Moreover, the consumer’s utility function is assumed to display the Cobb-Douglas form, which can be shown as:

U = ( Φ X ) a Y b = Φ a X a Y b (1)

where a and b are constant parameters and shares of restaurant meals (X) and grocery foods (Y). In addition, U X , U Y > 0 ; U X X , U Y Y < 0 ; and U X X = U Y Y > 0 .

2.2. The Budget Constraint Line

In this subsection, we show three budget constraint lines: 1) never using coupons, 2) using coupons, and 3) coupon unavailability after being available for a while.

Situation 1: Never Using Coupons

We assume that the consumer dines at a well-known chain restaurant (e.g., Olive Garden) rather than a fast food restaurant (e.g., McDonald’s). Hence, servers in the chain restaurant will take orders from diners, bring dishes/drinks to diners, and clean up tables for diners. For that reason, the consumer pays not only for the price of the meal ( P x ) but also the sales tax (the sales tax rate = τ ), and tip (the tipping rate = t). Thus, the final total payment for the restaurant meal is:

P X = P x + P x τ + P x ( 1 + τ ) t = P x ( 1 + τ + t + τ t ) . (2)

This consumer may also shop at a grocery store. Suppose that there are no sales taxes on groceries. Therefore, the consumer pays only for the cost of the food ( P y ); hence, the final cost of grocery food is: P Y = P y .

Assume that the consumer only consumes these two goods so that his/her total expenditures on these two goods (X and Y) will be equal to his/her total budget for these two goods (M). Consequently, the consumer’s budget constraint line in this case can be expressed as follows:

M = P X X + P Y Y = P x ( 1 + τ + t + τ t ) X + P y Y . (3)

Situation 2: Using Coupons

Suppose that the restaurant randomly issues coupons to customers. Luckily, the consumer receives coupons issued by the restaurant. The consumer uses the coupon (the coupon discount rate = ϕ ) when he/she dines at the restaurant. Therefore, with the coupon, the final total cost of the restaurant meal becomes:

P X = P x ( 1 ϕ ) + P x τ + P x ( 1 + τ ) t = P x ( 1 ϕ + τ + t + τ t ) . (4)

The consumer still shops at the grocery food store and pays for food ( P y ). Again, the assumption of no sales taxes on groceries is still applied to this case. The consumer’s budget constraint line in this case can be displayed as below:

M = P X X + P Y Y = P x ( 1 ϕ + τ + t + τ t ) X + P y Y . (5)

Situation 3: Coupon Unavailability after Being Available for a While

Suppose that the restaurant suddenly stops issuing coupons to customers after giving them out for a period of time. Customers who frequently used coupons and enjoyed the lower prices would suddenly feel less appreciated by this decision. The lack of appreciation could be characterized as a demotion cost ( Ω ) that would be generated for diners who feel demoted by the restaurant. The demotion cost is invisible but it exists, leading the consumer to reduce his/her initial budget (M). In addition, the demotion cost ( Ω ) relates to a diner’s personality & emotionality ( δ ). That is, some diners may strongly feel demoted, while some diners may not strongly feel demoted or just feel okay. For that reason, the demotion cost ( Ω ) is a function of a diner’s personality & emotionality ( δ ), i.e., Ω = Ω ( δ ) , Ω > 0 , and 0 Ω ( δ ) M .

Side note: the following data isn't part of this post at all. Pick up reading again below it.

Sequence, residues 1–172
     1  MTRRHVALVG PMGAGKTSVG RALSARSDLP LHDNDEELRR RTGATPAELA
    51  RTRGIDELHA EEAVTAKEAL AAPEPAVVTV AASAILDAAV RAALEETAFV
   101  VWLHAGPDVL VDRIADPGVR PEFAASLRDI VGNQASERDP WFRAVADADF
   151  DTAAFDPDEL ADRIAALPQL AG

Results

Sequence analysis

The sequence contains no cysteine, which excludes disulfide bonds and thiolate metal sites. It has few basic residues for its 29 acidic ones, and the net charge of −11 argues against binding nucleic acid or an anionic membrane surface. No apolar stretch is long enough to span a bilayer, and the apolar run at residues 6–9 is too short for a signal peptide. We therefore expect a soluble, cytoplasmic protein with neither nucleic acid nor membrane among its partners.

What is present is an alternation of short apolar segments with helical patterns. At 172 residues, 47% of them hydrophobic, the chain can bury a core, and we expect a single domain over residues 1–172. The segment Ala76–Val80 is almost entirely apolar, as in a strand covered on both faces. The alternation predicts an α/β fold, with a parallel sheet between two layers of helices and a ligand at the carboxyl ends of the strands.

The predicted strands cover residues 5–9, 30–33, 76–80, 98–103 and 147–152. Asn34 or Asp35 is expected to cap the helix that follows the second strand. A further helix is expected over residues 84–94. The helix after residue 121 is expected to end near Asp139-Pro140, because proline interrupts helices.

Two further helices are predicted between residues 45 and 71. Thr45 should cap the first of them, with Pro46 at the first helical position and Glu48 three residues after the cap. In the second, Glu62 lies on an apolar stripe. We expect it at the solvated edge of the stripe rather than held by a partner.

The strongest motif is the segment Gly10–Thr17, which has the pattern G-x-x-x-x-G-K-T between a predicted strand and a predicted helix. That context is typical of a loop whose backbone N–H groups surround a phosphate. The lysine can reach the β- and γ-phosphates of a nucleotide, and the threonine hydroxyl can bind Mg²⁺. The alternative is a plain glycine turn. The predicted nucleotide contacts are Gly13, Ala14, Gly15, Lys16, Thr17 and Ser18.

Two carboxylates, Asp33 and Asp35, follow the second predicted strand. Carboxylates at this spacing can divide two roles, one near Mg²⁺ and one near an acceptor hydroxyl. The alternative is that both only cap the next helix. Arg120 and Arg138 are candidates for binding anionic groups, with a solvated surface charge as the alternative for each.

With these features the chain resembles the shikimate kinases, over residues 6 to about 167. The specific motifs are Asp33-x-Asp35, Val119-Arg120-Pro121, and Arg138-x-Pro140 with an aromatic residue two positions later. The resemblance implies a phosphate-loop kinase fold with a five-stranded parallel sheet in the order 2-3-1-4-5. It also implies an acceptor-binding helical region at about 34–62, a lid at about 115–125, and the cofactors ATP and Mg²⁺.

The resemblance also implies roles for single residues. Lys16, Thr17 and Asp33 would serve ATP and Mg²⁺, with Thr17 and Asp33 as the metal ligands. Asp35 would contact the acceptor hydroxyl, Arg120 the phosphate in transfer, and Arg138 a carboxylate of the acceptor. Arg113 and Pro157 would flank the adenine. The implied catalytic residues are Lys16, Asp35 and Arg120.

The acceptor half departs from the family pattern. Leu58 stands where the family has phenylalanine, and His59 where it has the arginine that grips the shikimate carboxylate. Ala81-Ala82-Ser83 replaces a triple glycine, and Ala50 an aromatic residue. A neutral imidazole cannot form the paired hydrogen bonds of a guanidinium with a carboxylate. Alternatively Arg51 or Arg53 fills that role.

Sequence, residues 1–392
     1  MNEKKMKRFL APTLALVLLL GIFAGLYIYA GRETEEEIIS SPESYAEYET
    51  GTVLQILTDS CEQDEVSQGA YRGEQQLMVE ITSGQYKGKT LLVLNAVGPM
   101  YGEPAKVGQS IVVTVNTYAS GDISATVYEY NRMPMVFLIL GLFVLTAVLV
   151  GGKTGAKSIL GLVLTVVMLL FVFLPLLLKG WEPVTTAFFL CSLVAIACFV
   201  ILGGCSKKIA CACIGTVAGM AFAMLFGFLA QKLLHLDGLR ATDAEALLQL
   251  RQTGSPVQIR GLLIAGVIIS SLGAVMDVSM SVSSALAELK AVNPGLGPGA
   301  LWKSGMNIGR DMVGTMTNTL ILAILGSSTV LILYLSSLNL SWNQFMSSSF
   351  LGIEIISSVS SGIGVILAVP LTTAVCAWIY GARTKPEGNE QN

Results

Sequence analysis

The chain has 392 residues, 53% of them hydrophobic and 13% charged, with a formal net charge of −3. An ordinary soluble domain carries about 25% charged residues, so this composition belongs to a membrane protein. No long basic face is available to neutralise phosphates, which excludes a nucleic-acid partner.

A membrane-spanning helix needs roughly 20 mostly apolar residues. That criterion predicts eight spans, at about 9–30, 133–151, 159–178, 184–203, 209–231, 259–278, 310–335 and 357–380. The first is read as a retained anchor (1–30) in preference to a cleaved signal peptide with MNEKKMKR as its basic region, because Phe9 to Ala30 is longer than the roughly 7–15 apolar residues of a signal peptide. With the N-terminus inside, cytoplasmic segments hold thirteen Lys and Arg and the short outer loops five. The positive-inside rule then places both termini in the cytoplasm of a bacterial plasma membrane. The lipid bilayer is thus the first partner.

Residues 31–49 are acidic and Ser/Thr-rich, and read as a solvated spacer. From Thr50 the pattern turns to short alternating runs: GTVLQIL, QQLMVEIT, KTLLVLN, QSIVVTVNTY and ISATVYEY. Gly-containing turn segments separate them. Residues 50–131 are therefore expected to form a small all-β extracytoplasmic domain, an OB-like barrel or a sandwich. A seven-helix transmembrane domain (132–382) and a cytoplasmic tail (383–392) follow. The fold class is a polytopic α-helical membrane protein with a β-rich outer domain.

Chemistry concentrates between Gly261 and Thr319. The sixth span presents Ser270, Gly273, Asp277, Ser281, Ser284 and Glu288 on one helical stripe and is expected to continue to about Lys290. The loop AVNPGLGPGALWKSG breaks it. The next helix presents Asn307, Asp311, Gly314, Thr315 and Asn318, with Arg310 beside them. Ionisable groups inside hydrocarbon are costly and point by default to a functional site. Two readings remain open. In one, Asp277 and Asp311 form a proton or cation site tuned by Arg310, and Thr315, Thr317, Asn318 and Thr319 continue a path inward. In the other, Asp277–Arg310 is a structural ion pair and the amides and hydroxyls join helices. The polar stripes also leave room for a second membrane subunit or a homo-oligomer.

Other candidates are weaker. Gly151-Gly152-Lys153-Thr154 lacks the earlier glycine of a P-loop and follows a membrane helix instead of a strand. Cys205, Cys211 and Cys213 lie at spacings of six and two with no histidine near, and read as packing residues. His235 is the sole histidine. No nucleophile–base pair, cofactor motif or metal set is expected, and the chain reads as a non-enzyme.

Without a coupon, the consumer’s final bill for a restaurant meal will be the same as Equation (2): P X = P x + P x τ + P x ( 1 + τ ) t = P x ( 1 + τ + t + τ t ) , but the consumer’s budget constraint line will be somewhat different from the budget constraint line for never having used coupons (as shown in Equation (3): M = P X X + P Y Y = P x ( 1 + τ + t + τ t ) X + P Y Y ). Due to the demotion cost, the consumer’s budget constraint line can be specified as:

M Ω = P X X + P Y Y = P x ( 1 + τ + t + τ t ) X + P y Y . (6)

We summarize these three types of budget constraint lines in Table 1.

2.3. Equilibrium

Choosing X and Y can solve the consumer’s optimization problem, which maximizes the consumer’s utility (shown in Equation [1] ) subject to the consumer’s budget constraint line (shown in Equations [3], [5] or [6]). We show these three types of equilibrium as follows.

Situation 1: Never Using Coupons

Max: U = Φ a X a Y b